Vt. court imposes $10K penalty in campaign finance suit

Bryan Cohen Dec. 2, 2011, 2:00am

MONTPELIER, Vt. (Legal Newsline) - Vermont Attorney General William Sorrell announced a court decision on Friday ordering an advocacy organization to pay a $10,000 civil penalty for alleged campaign finance law violations.

The Washington unit of the Vermont Superior Court issued the decision on Wednesday ordering that Green Mountain Future pay a civil penalty of $10,000 to resolve the state's campaign finance law enforcement action. GMF is principally funded by the Democratic Governors Association.

GMF allegedly spent more than $500,000 in September and October 2010 on political advertisements attacking gubernatorial candidate Brian Dubie. In making those advertisements, the organization allegedly failed to register with the secretary of state's office, did not file required disclosure reports and omitted proper identification information from its advertisements. The law authorizes penalties of as much as $10,000 for violations of campaign finance laws in Vermont.

The court imposed the penalty for GMF's most critical violation of failing to register because GMF was given fair warning from the secretary of state as to the extent of the law, but it allegedly chose not to hear the warning. The court also found that the penalty would achieve the statutory purpose of deterring future violations by other political committees.

"To the extent other campaigns look to this case for guidance, a $10,000 penalty is a sufficient deterrent to achieve compliance," the court said.

In addition, the court ordered GMF to bring itself into compliance with Vermont's campaign finance laws by registering and filing the requisite reports.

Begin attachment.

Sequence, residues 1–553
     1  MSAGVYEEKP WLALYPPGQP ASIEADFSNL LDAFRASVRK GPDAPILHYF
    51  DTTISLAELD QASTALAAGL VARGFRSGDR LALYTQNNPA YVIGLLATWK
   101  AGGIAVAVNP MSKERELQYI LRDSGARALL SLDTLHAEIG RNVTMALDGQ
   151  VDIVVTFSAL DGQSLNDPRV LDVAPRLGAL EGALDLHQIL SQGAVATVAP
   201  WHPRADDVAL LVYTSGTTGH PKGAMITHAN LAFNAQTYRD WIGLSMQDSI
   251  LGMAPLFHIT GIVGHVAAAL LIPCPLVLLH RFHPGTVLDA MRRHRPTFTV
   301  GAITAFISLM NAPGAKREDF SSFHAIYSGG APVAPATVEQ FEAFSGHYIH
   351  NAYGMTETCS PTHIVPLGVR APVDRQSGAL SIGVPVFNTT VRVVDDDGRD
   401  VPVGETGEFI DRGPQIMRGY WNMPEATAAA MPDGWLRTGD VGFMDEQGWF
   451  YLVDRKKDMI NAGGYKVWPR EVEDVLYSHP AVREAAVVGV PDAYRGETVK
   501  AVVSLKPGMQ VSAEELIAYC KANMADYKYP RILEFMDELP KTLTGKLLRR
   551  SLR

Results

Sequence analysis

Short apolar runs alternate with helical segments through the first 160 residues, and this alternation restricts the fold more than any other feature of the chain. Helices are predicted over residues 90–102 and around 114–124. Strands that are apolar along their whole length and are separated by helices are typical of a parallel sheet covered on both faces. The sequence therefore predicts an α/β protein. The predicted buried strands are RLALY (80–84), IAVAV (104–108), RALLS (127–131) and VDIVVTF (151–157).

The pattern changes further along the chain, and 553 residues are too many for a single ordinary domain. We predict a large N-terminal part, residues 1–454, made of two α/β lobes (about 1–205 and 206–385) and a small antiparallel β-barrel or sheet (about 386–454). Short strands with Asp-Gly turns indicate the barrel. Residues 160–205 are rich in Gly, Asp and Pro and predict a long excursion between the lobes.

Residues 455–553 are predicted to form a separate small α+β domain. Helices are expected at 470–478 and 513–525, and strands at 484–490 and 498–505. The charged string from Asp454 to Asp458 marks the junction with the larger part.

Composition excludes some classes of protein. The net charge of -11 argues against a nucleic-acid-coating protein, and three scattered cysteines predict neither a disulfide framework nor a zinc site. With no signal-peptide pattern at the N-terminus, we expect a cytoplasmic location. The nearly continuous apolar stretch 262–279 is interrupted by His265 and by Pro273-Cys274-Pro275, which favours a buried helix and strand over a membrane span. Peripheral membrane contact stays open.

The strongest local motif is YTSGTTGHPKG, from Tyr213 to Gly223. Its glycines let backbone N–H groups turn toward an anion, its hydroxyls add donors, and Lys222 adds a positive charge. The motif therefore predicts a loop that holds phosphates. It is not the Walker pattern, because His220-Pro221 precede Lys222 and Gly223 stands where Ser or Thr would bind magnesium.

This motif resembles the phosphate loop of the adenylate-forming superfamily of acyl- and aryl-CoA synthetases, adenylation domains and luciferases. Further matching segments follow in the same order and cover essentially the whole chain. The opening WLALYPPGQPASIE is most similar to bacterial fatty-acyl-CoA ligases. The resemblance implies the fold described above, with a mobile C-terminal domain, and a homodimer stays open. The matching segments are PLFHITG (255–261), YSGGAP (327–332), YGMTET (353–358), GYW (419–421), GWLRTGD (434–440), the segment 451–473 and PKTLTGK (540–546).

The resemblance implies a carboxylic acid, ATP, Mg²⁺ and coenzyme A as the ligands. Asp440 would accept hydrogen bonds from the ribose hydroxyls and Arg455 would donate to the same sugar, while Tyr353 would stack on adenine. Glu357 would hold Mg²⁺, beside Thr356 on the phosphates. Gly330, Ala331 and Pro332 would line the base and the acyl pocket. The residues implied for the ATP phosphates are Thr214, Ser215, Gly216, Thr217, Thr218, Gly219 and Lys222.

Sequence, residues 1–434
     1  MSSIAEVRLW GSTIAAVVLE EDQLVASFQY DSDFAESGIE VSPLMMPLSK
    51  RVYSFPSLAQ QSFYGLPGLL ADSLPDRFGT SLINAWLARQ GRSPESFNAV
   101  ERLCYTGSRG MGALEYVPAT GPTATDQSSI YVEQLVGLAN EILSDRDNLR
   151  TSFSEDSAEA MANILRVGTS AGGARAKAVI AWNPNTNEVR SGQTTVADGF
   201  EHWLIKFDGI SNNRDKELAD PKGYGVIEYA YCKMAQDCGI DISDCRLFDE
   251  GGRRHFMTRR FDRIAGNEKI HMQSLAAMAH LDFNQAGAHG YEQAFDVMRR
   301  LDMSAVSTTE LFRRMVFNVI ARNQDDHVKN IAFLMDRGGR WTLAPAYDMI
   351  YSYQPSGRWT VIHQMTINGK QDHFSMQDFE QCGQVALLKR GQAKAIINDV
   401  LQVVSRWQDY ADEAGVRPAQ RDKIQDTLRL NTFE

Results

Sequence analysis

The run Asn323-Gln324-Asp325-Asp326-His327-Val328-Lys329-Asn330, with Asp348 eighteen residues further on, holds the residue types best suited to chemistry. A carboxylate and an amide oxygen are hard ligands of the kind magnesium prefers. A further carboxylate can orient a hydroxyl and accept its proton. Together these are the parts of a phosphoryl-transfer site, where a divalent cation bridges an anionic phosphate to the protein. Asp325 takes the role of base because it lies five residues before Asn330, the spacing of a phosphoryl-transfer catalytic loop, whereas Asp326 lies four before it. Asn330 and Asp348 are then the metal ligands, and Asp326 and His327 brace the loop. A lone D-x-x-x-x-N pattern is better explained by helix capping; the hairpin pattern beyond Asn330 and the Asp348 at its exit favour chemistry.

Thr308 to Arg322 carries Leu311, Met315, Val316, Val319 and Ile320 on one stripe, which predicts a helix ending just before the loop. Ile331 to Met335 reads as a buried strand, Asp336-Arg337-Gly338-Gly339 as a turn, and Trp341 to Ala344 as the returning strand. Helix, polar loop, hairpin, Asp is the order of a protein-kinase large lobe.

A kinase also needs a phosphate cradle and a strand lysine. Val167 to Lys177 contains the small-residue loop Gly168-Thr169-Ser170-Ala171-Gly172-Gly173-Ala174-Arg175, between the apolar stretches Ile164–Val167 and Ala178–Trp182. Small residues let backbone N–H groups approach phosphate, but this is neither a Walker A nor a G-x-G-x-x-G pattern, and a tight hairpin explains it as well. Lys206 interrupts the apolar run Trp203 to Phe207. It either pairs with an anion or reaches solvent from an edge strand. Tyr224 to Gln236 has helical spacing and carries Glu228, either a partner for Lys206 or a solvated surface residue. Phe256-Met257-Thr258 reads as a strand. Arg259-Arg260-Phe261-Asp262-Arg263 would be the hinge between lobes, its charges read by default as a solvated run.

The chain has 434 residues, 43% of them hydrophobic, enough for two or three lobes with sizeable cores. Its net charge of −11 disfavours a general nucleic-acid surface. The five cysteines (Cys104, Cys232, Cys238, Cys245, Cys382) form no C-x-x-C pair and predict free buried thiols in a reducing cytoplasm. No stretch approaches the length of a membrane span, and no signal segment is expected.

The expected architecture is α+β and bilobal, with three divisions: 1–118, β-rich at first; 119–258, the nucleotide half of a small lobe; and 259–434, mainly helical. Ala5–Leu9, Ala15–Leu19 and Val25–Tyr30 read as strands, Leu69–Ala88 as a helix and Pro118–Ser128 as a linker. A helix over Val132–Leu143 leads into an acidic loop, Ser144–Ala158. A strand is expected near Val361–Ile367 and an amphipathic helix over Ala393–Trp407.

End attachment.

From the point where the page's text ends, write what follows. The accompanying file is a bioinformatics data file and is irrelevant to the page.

Although it imposed the maximum fine for the failure to register, the court declined to require any penalty for the alleged identification and reporting violations.

"Virtually the same information was filed by GMF with the Internal Revenue Service and posted on the federal website," Judge Geoffrey Crawford said.

Sorrell said that while the court's decision shows seriousness, he questioned the choice not to impose a penalty for the failure to file disclosure reports.

"Judge Crawford's decision reflects the seriousness of GMF's failure to register as a political committee in Vermont," Sorrell said. "The legislature obviously thought all campaign finance law violations were significant when it specified penalties. The court's decision does not seem to send this message and appears to shift the burden to the voters to find campaign finance information elsewhere."

The state filed two campaign finance law enforcement actions in October 2010. In the second action, which was filed against the Republican Governors' Association, the court also found that the RGA violated Vermont's campaign finance laws. The court has not yet imposed a penalty against the RGA in that case.

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